Scott Wiedemeyer (Scott Eidson, My Sucky Teen Romance) is the inventor and dungeonmaster of a tabletop RPG he plays with his friends in the house he shares with his grandmother (Anne Gee Byrd, Project: ALF). Life isn't perfect, but he's happy in the game. All that changes when one player leaves the group to salvage his marriage, sending Scott on a quest to find a replacement. He invites a lapsed gamer named Miles (Garrett Graham, Cannibal Feast) to join their group, but it isn't long before the hip newcomer usurps his role as alpha nerd. Things get even worse when his estranged mother (Cyndi Williams, Computer Chess) and football-loving fiance (Larry Jack Dotson, Bernie) move in after his grandmother has a stroke.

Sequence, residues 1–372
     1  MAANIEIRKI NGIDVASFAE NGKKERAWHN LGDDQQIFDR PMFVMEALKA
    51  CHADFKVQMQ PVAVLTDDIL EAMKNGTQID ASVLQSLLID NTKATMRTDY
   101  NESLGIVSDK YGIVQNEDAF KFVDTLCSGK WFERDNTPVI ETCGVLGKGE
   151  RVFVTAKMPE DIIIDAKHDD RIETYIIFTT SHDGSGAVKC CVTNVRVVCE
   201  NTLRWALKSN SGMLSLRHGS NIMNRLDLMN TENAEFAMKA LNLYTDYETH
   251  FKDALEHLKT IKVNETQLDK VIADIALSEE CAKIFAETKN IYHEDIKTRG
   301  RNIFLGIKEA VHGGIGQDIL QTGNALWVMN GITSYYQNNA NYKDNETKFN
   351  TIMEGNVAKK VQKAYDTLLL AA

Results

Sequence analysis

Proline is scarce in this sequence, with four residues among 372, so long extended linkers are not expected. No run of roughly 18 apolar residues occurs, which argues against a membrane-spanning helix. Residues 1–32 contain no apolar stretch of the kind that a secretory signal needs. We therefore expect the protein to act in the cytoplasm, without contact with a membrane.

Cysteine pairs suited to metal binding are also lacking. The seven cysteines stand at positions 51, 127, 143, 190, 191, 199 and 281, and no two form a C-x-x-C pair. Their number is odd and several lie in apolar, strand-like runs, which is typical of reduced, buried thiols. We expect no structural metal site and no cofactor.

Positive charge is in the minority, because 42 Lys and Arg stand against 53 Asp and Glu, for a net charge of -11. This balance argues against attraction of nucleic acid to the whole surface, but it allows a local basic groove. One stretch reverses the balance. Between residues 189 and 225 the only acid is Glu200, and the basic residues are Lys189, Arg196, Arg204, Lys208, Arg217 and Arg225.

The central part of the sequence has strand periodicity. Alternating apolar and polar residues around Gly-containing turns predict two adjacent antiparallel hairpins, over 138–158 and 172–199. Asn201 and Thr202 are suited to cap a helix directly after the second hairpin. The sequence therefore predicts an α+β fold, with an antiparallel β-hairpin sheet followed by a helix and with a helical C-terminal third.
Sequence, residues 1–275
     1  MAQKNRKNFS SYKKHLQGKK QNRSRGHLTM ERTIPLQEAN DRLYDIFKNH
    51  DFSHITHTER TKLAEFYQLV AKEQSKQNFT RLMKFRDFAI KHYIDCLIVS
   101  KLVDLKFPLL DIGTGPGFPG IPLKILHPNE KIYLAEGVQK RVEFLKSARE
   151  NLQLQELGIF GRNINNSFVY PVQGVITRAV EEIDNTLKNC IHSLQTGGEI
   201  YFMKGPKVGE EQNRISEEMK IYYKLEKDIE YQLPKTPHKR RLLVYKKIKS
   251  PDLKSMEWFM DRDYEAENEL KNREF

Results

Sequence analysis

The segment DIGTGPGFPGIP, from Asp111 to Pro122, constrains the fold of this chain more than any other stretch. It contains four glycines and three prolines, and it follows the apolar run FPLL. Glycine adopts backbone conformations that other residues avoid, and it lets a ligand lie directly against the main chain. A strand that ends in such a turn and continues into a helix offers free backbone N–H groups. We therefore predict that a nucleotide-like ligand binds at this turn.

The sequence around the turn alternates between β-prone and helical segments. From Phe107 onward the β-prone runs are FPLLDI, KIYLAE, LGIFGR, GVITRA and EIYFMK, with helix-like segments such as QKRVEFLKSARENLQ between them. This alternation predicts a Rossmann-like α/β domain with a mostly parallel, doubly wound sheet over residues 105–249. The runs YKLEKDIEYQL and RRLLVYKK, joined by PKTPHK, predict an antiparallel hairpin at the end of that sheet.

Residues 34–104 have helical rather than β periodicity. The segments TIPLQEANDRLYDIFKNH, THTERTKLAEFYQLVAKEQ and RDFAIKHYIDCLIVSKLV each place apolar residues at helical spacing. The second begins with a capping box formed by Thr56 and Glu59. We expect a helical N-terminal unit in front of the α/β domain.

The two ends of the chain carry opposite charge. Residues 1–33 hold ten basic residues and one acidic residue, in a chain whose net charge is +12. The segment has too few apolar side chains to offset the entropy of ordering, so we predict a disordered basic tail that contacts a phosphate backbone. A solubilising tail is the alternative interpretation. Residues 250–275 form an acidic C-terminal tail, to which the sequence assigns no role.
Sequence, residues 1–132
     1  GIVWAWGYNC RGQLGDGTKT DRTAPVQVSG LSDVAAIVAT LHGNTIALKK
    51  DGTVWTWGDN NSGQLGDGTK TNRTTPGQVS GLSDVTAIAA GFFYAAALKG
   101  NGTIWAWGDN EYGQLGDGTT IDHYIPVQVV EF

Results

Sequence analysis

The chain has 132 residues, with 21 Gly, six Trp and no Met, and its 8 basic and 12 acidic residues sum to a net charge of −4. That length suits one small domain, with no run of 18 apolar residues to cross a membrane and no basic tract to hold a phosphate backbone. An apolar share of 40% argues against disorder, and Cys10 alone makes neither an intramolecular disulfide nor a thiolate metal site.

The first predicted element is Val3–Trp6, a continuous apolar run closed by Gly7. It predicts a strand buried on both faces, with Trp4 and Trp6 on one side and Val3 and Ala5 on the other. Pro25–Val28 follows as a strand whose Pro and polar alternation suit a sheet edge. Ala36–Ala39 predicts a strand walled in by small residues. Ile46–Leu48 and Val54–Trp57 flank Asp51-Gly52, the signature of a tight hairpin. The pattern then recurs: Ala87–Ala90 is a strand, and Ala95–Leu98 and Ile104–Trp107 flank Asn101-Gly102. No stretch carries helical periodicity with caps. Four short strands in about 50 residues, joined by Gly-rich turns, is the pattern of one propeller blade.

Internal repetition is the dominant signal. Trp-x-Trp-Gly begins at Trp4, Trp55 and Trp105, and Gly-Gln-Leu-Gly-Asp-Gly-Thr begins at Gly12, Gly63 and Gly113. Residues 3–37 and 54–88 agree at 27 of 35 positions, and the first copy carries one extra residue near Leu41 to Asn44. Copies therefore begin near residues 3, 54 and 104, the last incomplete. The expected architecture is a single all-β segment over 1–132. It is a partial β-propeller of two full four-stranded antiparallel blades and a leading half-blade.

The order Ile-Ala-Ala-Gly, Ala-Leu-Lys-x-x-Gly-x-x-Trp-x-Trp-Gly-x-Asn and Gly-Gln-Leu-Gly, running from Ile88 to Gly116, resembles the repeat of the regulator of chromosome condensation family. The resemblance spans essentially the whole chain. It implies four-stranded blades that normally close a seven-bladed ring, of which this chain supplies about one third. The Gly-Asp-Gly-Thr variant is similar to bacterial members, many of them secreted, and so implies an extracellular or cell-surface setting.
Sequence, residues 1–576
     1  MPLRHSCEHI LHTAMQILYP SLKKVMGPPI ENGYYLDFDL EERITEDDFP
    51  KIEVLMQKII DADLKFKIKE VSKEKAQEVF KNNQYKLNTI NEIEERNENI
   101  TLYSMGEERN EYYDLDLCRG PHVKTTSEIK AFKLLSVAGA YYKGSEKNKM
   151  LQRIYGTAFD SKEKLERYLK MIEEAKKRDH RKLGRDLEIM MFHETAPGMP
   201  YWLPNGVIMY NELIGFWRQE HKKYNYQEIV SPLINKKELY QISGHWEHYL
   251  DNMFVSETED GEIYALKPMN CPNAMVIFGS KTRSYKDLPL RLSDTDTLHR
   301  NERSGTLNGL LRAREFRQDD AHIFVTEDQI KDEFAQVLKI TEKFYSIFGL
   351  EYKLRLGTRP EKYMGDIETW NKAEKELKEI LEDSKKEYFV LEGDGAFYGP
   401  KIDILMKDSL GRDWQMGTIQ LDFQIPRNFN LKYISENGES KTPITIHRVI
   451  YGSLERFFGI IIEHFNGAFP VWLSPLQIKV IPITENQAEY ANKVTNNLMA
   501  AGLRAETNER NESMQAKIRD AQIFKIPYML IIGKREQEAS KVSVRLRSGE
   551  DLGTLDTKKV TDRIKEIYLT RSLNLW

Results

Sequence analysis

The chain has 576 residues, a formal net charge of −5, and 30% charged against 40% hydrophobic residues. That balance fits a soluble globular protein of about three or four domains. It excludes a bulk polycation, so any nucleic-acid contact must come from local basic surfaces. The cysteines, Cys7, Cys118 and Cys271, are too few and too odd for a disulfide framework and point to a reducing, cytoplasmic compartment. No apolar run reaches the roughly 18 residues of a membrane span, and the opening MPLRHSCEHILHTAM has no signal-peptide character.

The Evidence

Zero Charisma was written by Andrew Matthew, who co-directed the film with Katie Graham. The pair worked together on documentaries The American Scream and Best Worst Movie. Their first scripted feature was funded in part via the crowdsourcing site IndieGoGo and distributed by the Nerdist web empire—a modern movie made by harnessing the power of the internet and the passion of film geeks and self-professed nerds alike. While it suffers a little from stilted performances and indie plot trappings, it nails the characters. Matthew understands what makes Scott's group, and real folks like them, tick. The guys of Zero Charisma aren't the stylish nerds of The Big Bang Theory. They might be awkward in social situations, but within the confines of their group they are as rowdy and confident as any football team.